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Lightfoot accused Ivanka Trump of getting the facts wrong, but mayor erred, too

Lightfoot gave wrong bail information about suspects charged with weapons offense during a City Hall show and tell Tuesday to intensify her running battle over what she claims is the lenient role judges have played in fueling gun violence.

Mayor Lori Lightfoot holds up a photo of “custom automatic weapons” and a “drum magazine that can hold 200-plus bullets” seized in recent days from two offenders who “got a $10,000 bond.” She was wrong on several counts.
Fran Spielman/Chicago Sun-Times

Mayor Lori Lightfoot accused Ivanka Trump of playing fast and loose with the facts while highlighting another violent summer weekend in Chicago. But the mayor might want to look in the mirror.

She, too, got her facts wrong.

It happened during a City Hall news conference Tuesday while Lightfoot was playing show and tell to intensify her running battle over, what she claims is the role lenient judges have played in fueling gun violence.

The mayor held up a photo of “custom automatic weapons” that, she claims, have only one purpose — to “kill police officers”— along with a “drum magazine that can hold 200-plus bullets” seized in recent days from two offenders.

“The individuals that were arrested and found to be in possession of these materials got a $10,000 bond. Which means that you have to pay $1,000 to get out,” the mayor said.

“This is a continuing pattern that we’re seeing every weekend. People with extensive criminal histories who are caught with firearms who are given bail … I need to understand from the judges who think that these people are not dangers to the community how I explain that to people on the West Side and on the South Side who, in many instances, are living in a war zone.”

The mayor was wrong.

Only one of the two offenders caught with the firepower Lightfoot showcased has a criminal history. Only one was offered the chance to return to the streets. And the one who posted bond has been placed on electronic monitoring.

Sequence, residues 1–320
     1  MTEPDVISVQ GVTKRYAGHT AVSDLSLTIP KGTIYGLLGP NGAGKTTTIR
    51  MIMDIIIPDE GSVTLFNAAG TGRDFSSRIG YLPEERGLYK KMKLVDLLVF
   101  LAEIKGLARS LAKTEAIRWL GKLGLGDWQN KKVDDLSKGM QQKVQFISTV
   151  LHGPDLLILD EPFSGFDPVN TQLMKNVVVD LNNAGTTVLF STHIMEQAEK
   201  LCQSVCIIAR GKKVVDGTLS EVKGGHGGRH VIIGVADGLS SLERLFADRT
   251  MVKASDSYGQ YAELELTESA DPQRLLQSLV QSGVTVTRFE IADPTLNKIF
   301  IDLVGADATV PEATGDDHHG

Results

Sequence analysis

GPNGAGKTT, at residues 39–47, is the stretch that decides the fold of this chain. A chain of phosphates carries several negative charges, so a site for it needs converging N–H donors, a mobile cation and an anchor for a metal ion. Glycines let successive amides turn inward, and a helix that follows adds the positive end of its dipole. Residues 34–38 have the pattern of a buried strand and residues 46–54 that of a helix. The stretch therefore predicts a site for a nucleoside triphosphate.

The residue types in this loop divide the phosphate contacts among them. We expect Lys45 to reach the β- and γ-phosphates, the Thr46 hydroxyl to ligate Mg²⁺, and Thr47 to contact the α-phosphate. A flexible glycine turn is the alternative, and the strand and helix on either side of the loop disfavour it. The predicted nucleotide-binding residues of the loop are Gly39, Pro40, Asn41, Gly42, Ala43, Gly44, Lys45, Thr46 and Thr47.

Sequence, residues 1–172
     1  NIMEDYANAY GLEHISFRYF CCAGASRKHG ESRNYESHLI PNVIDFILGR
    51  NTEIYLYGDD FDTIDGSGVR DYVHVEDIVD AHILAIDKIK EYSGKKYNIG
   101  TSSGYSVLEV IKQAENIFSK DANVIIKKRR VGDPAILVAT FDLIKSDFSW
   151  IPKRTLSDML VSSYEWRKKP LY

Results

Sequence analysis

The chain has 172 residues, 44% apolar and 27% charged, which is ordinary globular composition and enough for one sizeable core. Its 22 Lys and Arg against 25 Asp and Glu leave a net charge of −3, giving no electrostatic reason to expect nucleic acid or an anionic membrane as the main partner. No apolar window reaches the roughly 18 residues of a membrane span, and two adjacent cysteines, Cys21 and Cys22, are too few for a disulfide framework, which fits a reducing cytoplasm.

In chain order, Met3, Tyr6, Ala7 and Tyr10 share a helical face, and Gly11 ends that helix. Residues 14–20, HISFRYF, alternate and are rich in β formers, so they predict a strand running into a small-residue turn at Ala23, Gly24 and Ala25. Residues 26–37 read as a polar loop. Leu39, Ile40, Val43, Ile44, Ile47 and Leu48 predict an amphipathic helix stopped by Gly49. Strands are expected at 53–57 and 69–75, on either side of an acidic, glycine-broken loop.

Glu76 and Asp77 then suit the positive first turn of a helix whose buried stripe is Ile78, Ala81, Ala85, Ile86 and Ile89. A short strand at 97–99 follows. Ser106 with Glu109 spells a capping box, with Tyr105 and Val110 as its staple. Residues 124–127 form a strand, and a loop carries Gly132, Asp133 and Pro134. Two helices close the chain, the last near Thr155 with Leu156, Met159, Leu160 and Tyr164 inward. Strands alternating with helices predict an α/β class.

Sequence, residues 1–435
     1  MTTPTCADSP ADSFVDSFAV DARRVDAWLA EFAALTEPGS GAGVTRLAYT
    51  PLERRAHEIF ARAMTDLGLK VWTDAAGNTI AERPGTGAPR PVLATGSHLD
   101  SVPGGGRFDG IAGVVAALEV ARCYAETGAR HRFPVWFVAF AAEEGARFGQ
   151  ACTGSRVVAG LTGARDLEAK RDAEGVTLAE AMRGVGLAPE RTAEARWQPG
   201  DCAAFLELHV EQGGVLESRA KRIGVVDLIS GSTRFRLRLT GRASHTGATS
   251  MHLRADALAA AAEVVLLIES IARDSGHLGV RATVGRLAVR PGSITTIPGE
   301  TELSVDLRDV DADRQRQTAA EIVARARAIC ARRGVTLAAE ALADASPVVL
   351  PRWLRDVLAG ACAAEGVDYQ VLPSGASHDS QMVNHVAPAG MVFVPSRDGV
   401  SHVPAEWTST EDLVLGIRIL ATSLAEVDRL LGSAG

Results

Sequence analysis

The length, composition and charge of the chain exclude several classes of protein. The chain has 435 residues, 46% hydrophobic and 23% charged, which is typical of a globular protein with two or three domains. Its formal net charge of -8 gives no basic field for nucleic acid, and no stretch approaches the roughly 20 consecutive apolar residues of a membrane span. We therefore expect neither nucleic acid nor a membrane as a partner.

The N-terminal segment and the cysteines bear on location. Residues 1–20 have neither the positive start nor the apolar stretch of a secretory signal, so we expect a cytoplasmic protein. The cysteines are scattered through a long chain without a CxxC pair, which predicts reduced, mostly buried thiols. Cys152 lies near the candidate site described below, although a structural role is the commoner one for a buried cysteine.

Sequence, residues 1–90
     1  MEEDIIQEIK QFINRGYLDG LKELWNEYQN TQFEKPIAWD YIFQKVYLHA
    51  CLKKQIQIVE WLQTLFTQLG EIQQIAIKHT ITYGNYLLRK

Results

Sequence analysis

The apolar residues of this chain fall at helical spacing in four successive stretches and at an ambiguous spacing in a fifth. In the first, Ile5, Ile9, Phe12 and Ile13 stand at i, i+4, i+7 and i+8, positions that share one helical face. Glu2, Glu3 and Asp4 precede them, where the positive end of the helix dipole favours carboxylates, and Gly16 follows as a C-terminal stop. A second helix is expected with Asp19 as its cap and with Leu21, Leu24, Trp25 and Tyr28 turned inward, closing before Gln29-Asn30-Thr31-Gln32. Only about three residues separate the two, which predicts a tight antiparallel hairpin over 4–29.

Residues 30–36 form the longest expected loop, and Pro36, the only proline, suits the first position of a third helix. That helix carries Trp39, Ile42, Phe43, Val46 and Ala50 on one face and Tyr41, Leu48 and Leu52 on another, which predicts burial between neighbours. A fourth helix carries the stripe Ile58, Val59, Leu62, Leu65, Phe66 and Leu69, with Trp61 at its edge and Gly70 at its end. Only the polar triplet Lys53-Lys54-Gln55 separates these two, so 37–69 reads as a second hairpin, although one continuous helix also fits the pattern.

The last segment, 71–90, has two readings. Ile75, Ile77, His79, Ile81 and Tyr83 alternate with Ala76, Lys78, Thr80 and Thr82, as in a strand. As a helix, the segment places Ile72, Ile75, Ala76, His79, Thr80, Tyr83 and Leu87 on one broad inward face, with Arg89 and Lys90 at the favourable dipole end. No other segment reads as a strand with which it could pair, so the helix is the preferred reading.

DeWayne Hill, 32, is wanted on an out-of-state warrant from Wisconsin. He is currently being held in Cook County Jail on no bail for the aggravated unlawful use of a weapon charge.

Dewayne Hill
DeWayne Hill
Chicago police

“As to this new weapons charge, you will also be held without bail,” Judge David Navarro told Hill, according to a transcript of Saturday’s hearing.

Jordan Hill, 25, was issued a $10,000 D-bond plus electronic monitoring after the judge was specifically told he had “no criminal background,” according to the court transcript that runs contrary to Lightfoot’s claim about “extensive criminal histories.”

Jordan Hill
Jordan Hill
Chicago police

He posted that bond and was placed on electronic monitoring earlier this week.

Lightfoot’s photo-waving exercise — with an assist from Police Supt. Eddie Johnson — left the distinct and, as it turns out, false impression that both offenders were back on the street.

“We keep arresting ‘em. The mayor showed you the firepower. Look at this. This is ridiculous. You’re telling me it’s OK for somebody that possesses something like this to be right back out in a day? I don’t think so,” Johnson said.

“If we continue to not send that mental message of accountability to these individuals, why would they stop doing what they do?”

Pressed on what would be appropriate for those offenders, Lightfoot said, “Detention with no bond.” Anything short of that, she said, sends a message to residents of those neighborhoods that “nobody cares about them. … Nobody cares that they are pinned down in their homes … for fear of violence.”

“Somebody who’s got a long criminal history of violence and who possesses firepower like this has forfeited their right to be out on the street. It is a danger,” the mayor added.

“I can’t go to the communities where these people were arrested and articulate a rational basis for why they should be out back on the street.”

Confronted Wednesday with the facts that Lightfoot got wrong, the mayor’s office stood its ground.

The response was similar to the one issued by the White House when Lightfoot accused Ivanka Trump of “getting the fundamental facts wrong.”

“The mayor has been clear to her point that letting any individual pay $1,000 to walk out of jail the day after being arrested for possession of weapons of war and armor-piercing bullets is not only grossly unacceptable but represents a dangerous precedent that gun offenders won’t be held accountable by the criminal justice system,” the emailed statement issued by the mayor’s office said.

“There remains no rational basis for why this gun offender was released today and back on the streets in our communities. How do we justify this to people in communities who have every right to be free from violence?”